The liturgical season can be a roller coaster ride. We ended the liturgical year by celebrating Christ the King and then entered Advent, preparing for the birth of a newborn infant, our king and savior. The Church devotes an entire octave to celebrate this historic birth. And now the roller coaster ride levels off a bit as we celebrate the Solemnity of the Blessed Virgin Mary, the Mother of God. Our readings exhibit a tenderness that we sometimes forget is present in Scripture.
The LORD bless you and keep you! The LORD let his face shine upon you, and be gracious to you! The LORD look upon you kindly and give you peace!
How do we receive blessings from the Lord? Do we bless each other with the same tenderness God shows us?
God sent the Spirit of his Son into our hearts, crying out, “Abba, Father!”
How do we receive God in our hearts? Do we receive each other with the same tenderness?
And Mary kept all these things, reflecting on them in her heart. Then the shepherds returned,
glorifying and praising God.
How do we respond to God’s love and blessing? Do we respond to each other with the same tenderness?
As we celebrate the Solemnity of the Mother of God, we are reminded of God’s tenderness. The earthly parental love of God contrasts with the lofty image of Christ the King. Both images are important and invite both reflection in our hearts and praise for our God. Yet, the emphasis on parental tenderness in today’s readings raises an important challenge. Just as God shows tenderness to us, we must show tenderness to one another.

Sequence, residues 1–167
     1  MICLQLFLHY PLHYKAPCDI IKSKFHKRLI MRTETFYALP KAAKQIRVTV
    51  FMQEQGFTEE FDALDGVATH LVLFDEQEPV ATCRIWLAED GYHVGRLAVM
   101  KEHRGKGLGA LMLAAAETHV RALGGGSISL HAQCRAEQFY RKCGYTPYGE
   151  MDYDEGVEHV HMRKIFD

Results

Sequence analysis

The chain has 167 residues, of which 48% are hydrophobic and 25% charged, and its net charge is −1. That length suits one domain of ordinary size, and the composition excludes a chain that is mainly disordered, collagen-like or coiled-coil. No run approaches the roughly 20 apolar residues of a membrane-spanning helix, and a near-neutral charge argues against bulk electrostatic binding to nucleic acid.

After over a month Christmas parties, of family and community visits, of decorating, and of all the other activities that have commanded our attention, we may have tired of the roller coaster ride known as the “holiday season.” Our nerves may be frayed, and we may feel on edge. And the same may be true of our loved ones and the stranger in our midst. So, the importance to treat all with loving tenderness is even greater. Mary, the Mother of God, is our mother as well. Just as Mary discovered and accepted new dimensions in her motherhood and discipleship, hopefully we have discovered and accepted new dimensions in our own discipleship as we continue to move forward into this New Year.
Fr. Lawrence Jagdfeld, O.F.M., Administrator